Growing up with the bomb – part I

In this week that commemorates the 62nd anniversary of the use of atomic weapons against the cities of Hiroshima and Nagasaki, Japan, we turn this column over to Bainbridge historian Jerry Elfendahl for a two-part essay entitled, “Hi-Yo Plutonium – Away!”

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At the end of World War II, there were no TV sets in our neighborhood. On rainy evenings, we kids listened to radio. I’d pull back the rug in front of the speaker, spread a flattened paper grocery or laundry bag upon the wooden floor and draw with crayons while listening to “The Lone Ranger” and his trusted companion, Tonto. The stories always had a moral.

The radio was “modern,” an RCA art deco console covered with mahogany veneer. In addtion to AM stations, it had several international short-wave bands, important during the war as grown-ups tracked events overseas. A built-in magazine rack held LIFE magazines that weekly provided images of the horrible conflicts. The radio sat beside Dad’s favorite chair – soft, deeply padded, comfortable. I snuggled into it and tuned in voices and messages from far away lands. Once, after everyone had gone to bed, I sneaked downstairs and curled up in the chair. I was found asleep, illuminated by the glow of the radio’s dial, as crackling sounds of Morse code filled the darkness and my dreams.

Early in the war, everyone had to put black curtains over their windows at night so no light shown outside. People feared that light could guide enemy bomber pilots. It was scary, I guess, though I didn’t understand the fuss. Mom assured us toddlers, “Don’t worry. All will be fine.” After the war, the “William Tell Overture” on KOMO-AM continued to announce the weekly adventures of the Masked Law Man and his friendly Indian companion. They were sponsored by Cheerios breakfast cereal. My brother and I ate them by the ton. They helped transform Radio Flyer wagons into Wells Fargo stagecoaches, and mops and brooms into white stallions named “Silver” and old paints named “Scout.”

“Hi-yo Silver, away!”

Cheerios often had prizes for Lone Ranger’s radioland posse – serious items, no Cracker Jacks toys. No ranger could be without them. For a cereal box top and dime, you could receive a hollow “Silver Bullet” like ones used by the Lone Ranger in which to hide messages. Or for 15 cents, your own “Secret Decoder Badge” could help decipher weekly dispatches from the masked man himself! For a time, cereal boxes came with printed building cut-outs of a frontier town – banks, saloons, schools, churches, general store, livery stable and sheriff’s office. The Lone Ranger was training a generation of architects, story tellers, moral citizens – and spies.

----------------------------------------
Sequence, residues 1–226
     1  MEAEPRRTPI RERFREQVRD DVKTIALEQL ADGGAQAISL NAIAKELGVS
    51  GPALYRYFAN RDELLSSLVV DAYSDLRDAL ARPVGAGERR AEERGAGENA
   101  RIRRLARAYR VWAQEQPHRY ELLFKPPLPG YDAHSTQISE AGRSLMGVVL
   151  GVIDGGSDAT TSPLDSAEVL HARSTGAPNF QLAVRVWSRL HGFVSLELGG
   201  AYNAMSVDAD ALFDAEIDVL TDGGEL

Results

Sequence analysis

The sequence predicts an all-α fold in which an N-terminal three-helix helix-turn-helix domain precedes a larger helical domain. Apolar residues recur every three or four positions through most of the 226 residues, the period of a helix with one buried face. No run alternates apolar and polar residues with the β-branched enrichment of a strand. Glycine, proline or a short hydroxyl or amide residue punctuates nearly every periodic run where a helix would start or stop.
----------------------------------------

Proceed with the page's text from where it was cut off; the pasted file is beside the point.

One night, the announcer could hardly contain himself. In a high-pitched voice, he proclaimed, “Rangers, nothing like this has ever before been offered. For 35 cents and only three Cheerios box tops, the Lone Ranger will personally send you something very special – the Official Lone Ranger Atomic Bomb Ring!”

Wow! It came with a secret compartment known only to other Rangers for hiding top-secret messages! And that wasn’t all. It was made of “a new ‘miracle’ substance that is revolutionizing the world… plastic!” “Plastic! Oh, double wow!” “Just wait and see, Rangers. You’ll love it. The Lone Ranger has one himself!”

Well, that was it. We rented ourselves out to do extra house and garden chores, sold popcorn and lemonade on street corners and robbed piggy banks. The 35 cents was a snap! The box tops were another matter. We gorged on Cheerios’ miniature doughnuts of oats and wheat, little lifesavers floating on pasteurized seas of creamy Dairy Milk electronically squeezed from the biggest udders ever seen on a mammal, pumped into sterilzed bottles and delivered to the door in clanking metal carriers by milkmen whose trucks rolled out before the sun came up. “Mooooo!”

“Whoa, Silver. Whoa, big fella. Tonto, look over yonder …”

Science was doing wonders. We saw it in LIFE. One post-war issue showed folks in bathing suits frolicking on manicured lawns of an Atlantic coastal resort while a biplane sprayed them with a wonderful, new, heavenly cloud of health: DDT. Mom bought a DDT bomb for the one-room cabin we rented that summer, rolling the hissing, fogging canister across the floor before we entered, “so it would be safe!”

“Kemo sabe, this cereal give you plenty energy.”

“That’s right, Tonto, Cheerios are good…and good for you.”

East of the mountains, some radio rangers ate Cheerios with radioactive iodine in the milk; that came from the cows; who ate the grass; that grew from the soil, rain and fallout; that lay downwind of the Hanford Nuclear Facility and real atomic bombs that “Uncle Sam” built – including ones dropped on Hiroshima and Nagasaki.

A secret compartment held that truth for years.

Saturday: the ring arrives, and the moral of the story.